Wednesday, September 21, 2011

Mose Yoder Reunion

(Note: I am departing my current blog trend to update on the reunion I attended on Saturday.)

Dear Readers,

I had a great time on Saturday, September 17, 2011 at the Mose Yoder reunion. I am so blessed to have such a wonderful family and a great heritage.

Two of my uncles got up front to tell stories, many funny, of Grandpa, Grandma, and their travels between Kansas, to Ohio, back to Kansas, and finally back to Ohio for good.

Uncle Eli is the oldest living brother of my Dad’s family. He is a very friendly, gracious man, and the love of Jesus just emanates from him. At 93 years old Uncle Eli said that he still goes out and uses a weed-eater and does some other outdoor work. He was Amish for many years but now attends a Conservative Mennonite church.

Uncle Henry was the youngest member of the family and he and Eli are my only remaining uncles on my Dad’s side. He is 85 years old, but he is still full of energy and fun. When my son was still very young Uncle Henry gladly took him on his first buggy ride and Uncle Henry smiled the whole time. Uncle Henry was the main storyteller at the reunion. He remains a member of the Amish church.

One story was about Grandpa who was a “slater” that installed slate roofs on buildings. Uncle Henry told how Grandpa fell head-first off a roof onto the ground below. He said a man saved Grandpa's life by literally pulling his head back up from between his shoulders. That story made me cringe.

Cousin Mel, a son of Aunt Elma, my only aunt, showed us a picture of Dad with a strange woman. Dad traveled quite a bit and his sister Elma jokingly said that instead of having "a girl in every port", Dad had a "girl on every porch". I never knew Dad to be such a ladies’ man, but I did often hear he was full of wanderlust, always looking for the greener grass on the other side of the hill. He left the Amish church for good at the age of 22.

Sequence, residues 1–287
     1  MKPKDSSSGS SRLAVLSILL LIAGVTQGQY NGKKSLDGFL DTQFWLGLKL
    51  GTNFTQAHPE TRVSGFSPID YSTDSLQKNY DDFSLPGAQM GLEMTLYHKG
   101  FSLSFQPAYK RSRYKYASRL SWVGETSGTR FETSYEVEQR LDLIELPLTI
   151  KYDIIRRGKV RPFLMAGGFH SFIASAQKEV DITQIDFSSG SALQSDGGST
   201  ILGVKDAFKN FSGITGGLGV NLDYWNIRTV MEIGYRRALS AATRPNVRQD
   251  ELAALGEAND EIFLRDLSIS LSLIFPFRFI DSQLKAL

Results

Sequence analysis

Uncle Eli told me that Grandma was hurt by Dad leaving the Amish church, but Grandpa did not seem adversely affected. As I was growing up Dad visited Grandpa or his brothers and sister at least a couple times per month. Unlike so many others leaving the Amish faith Dad was never shunned by his family, and I am really thankful for that. I wish that many Amish leaders would learn the lesson that it is not necessary for Amish parents to shun their children that leave the Amish church, and that the Lord can bless a family that has open arms to all members of the family in various stages of trying to find out what the Lord has for them.

Cousin Paul, who is still Amish, shared with me how he started a hardware store in Mt. Hope, Ohio in early 60's after he was newly married and still in 1-W Service (a Military Selective Service status for conscientious objectors). The former hardware store in Mt. Hope had gone out of business and had a poor reputation of not paying its debts. Paul said he started the new hardware business with very little money but made it grow so much that Lehman Hardware of Kidron, Ohio, which was well known in the area, bought him out to make a satellite store. Lehman Hardware hired Paul to manage the store. Paul managed it for many years until recently, and now only works about two days per week. Paul asked me about my involvement with Mission to Amish People (MAP) and the "Amish boys" that come to a Bible study at my home. I had spoken to him last year about the Bible study.